Pros and Cons of Taking a Semester Off

If you’re feeling overwhelmed in college, you may be tempted to take a semester off. This gives you time to refocus, regroup, reorganize, and plan for the future. There are some downsides to taking a semester off that you need to consider before making the plunge. Check out these pros and cons to make the best decision for your goals.

Pro: Time to Recoup When You’re Feeling Overwhelmed

One of the biggest benefits of taking a semester off is giving your mind a break. You’ve been absorbing information for months or years now, and you don’t know if you can take on any more. Over 80% of college students experience burnout, which can stifle learning or derail your education altogether. Having some time away from school could let you clear your mind and return refreshed in the following semester.

Con: May Take Longer to Get back on Track When You Return

The more time you spend away from college, the more likely you are to forget what you’ve learned in the previous semesters. Thus, it may feel harder to get through classes when you return from your semester off. You can bypass some of this frustration by doing some light studying before you return to school. Refresh yourself on key points from each of your classes to make the transition smoother.

Pro: Evaluate What You Truly Want for Your Future

Did you know that 50-75% of college students change their major at least once while they’re in school? Many students find that the reality of their field of study does not align with their expectations. Your passions may be shifting, or you may have a new perspective on what you want for the future. Taking a semester off could give you space to make a plan for the path ahead.

Con: It’ll Take More Time to Graduate

Taking a semester off will delay graduation by at least one semester, but it could push it back a year or more. For example, you may need to take a class that is only available during the spring semester. If you skip that semester, you’ll have to wait until the following spring to complete it. Talk to your college counselor about how this plan might affect your timeline, and they can help you see what your options are.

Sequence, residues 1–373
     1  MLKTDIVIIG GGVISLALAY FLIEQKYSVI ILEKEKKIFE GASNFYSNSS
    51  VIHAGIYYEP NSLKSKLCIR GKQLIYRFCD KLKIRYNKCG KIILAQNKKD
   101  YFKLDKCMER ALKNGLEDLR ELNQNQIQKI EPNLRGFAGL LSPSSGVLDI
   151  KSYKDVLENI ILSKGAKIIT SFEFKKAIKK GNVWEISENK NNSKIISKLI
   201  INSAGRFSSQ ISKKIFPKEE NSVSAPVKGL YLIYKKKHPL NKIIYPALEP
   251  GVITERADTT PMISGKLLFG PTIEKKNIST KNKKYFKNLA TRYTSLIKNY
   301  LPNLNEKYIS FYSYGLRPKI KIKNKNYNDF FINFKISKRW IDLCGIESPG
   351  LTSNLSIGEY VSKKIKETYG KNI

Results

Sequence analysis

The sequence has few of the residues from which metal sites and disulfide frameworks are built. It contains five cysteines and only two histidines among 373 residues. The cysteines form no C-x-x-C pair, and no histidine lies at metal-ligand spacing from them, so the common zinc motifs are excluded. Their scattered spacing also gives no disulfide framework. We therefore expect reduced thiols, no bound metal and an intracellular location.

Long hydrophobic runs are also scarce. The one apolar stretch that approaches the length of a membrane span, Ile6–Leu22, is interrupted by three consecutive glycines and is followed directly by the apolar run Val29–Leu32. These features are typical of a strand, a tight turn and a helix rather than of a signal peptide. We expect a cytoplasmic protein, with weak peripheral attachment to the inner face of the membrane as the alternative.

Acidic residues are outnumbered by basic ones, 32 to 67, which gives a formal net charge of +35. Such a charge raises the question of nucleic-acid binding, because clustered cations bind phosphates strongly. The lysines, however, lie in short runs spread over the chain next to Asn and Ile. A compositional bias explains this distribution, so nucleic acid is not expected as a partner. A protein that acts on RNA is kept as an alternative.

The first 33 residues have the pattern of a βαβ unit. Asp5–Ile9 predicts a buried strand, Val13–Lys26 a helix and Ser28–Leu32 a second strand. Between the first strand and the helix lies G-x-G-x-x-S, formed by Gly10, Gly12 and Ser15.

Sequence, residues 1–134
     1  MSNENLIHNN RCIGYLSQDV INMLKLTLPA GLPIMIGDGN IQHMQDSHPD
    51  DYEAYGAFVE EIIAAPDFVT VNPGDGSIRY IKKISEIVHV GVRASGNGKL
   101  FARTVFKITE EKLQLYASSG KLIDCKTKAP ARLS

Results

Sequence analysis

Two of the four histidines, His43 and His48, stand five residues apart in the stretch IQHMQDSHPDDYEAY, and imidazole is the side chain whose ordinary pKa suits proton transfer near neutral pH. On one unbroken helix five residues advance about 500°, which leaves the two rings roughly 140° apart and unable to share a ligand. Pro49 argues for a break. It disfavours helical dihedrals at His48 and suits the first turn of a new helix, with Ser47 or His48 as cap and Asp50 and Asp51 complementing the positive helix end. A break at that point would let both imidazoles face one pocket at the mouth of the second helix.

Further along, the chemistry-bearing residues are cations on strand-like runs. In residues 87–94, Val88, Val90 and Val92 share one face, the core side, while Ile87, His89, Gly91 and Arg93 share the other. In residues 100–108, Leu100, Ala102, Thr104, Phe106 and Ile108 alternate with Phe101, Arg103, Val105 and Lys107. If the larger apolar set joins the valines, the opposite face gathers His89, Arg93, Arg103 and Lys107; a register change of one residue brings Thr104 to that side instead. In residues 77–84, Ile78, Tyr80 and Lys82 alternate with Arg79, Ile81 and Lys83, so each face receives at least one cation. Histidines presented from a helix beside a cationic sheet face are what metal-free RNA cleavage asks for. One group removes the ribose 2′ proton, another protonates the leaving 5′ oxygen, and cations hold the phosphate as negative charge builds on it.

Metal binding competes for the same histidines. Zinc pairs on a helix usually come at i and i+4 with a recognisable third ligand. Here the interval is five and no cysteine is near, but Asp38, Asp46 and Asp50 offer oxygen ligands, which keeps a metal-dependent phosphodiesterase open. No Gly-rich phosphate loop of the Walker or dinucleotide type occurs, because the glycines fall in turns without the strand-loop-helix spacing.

Pro: Give Yourself Time to Save Money for Tuition

If you’re struggling to pay for college currently, taking a semester off may give you some financial relief. You can work full-time to save more money, or you could dedicate time to applying for scholarships and grants. Visit your school’s financial aid office for additional resources.

Con: Difficulty Finding Work during Your Semester Off

You may be able to request additional hours with your current employer, but that’s not always an option. If your employer wants to maintain your current schedule, you may need to find a second job to supplement your income. Seasonal and temporary jobs are hard to come by in certain areas, so make sure you start your job hunt early.

Also, note how your semester off may impact your living situation. If you currently live in on-campus housing, you may need to move out while you’re taking time off. This might increase your monthly expenses and take up some of the money you would otherwise be saving.

Find a Balance between Your Career Goals, Finances, and Mental Health

Taking a semester off is a personal decision. Do what’s best for your mental health, but take note of the financial and logistical consequences of this choice. You might be better off shifting to a part-time schedule for one semester rather than spending the entire semester away from school. On the other hand, you may need a clean break to think clearly about what you want for the future. Talk to trusted advisors in your life, and listen to your gut feeling. It will guide you in the right direction.